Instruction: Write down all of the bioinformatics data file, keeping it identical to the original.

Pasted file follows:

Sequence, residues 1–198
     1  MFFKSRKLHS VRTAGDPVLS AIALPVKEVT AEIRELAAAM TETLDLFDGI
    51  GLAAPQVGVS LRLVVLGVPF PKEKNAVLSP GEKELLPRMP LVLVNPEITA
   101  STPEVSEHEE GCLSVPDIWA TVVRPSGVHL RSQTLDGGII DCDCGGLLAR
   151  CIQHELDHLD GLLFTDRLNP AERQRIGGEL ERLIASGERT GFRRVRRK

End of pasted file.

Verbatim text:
Sequence, residues 1–198
     1  MFFKSRKLHS VRTAGDPVLS AIALPVKEVT AEIRELAAAM TETLDLFDGI
    51  GLAAPQVGVS LRLVVLGVPF PKEKNAVLSP GEKELLPRMP LVLVNPEITA
   101  STPEVSEHEE GCLSVPDIWA TVVRPSGVHL RSQTLDGGII DCDCGGLLAR
   151  CIQHELDHLD GLLFTDRLNP AERQRIGGEL ERLIASGERT GFRRVRRK